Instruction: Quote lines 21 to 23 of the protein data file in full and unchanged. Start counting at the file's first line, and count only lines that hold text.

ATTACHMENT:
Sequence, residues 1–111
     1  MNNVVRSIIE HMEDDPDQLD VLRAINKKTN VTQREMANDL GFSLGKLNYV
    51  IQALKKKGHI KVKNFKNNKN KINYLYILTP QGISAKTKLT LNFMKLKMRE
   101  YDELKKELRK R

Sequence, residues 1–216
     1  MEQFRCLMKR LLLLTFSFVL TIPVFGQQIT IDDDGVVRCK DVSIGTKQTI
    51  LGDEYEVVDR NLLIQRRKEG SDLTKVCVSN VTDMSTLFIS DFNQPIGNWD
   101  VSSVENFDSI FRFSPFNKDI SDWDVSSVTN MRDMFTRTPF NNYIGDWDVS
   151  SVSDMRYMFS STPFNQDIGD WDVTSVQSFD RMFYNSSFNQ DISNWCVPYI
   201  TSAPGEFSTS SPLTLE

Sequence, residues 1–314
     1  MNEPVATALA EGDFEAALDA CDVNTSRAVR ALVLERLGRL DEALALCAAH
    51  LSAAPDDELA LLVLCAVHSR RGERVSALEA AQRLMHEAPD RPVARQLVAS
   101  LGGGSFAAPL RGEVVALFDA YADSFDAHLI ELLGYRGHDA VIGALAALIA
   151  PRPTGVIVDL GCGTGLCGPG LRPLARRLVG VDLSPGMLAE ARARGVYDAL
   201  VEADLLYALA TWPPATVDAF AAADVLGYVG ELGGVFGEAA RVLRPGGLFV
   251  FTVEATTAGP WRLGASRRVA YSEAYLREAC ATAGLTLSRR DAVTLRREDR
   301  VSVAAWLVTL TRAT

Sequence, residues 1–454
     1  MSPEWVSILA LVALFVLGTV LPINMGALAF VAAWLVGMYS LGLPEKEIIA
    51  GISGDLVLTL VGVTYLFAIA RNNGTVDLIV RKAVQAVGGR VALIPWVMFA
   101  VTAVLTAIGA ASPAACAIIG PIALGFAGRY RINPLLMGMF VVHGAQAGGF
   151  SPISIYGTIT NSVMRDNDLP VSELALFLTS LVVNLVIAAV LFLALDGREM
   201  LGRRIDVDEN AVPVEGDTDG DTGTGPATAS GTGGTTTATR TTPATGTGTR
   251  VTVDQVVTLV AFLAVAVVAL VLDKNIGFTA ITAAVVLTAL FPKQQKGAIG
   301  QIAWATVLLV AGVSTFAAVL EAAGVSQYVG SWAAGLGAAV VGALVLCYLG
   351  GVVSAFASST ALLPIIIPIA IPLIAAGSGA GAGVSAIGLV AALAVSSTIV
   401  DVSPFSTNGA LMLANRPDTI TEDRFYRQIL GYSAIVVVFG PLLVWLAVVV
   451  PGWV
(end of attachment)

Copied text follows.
    51  GISGDLVLTL VGVTYLFAIA RNNGTVDLIV RKAVQAVGGR VALIPWVMFA
   101  VTAVLTAIGA ASPAACAIIG PIALGFAGRY RINPLLMGMF VVHGAQAGGF
   151  SPISIYGTIT NSVMRDNDLP VSELALFLTS LVVNLVIAAV LFLALDGREM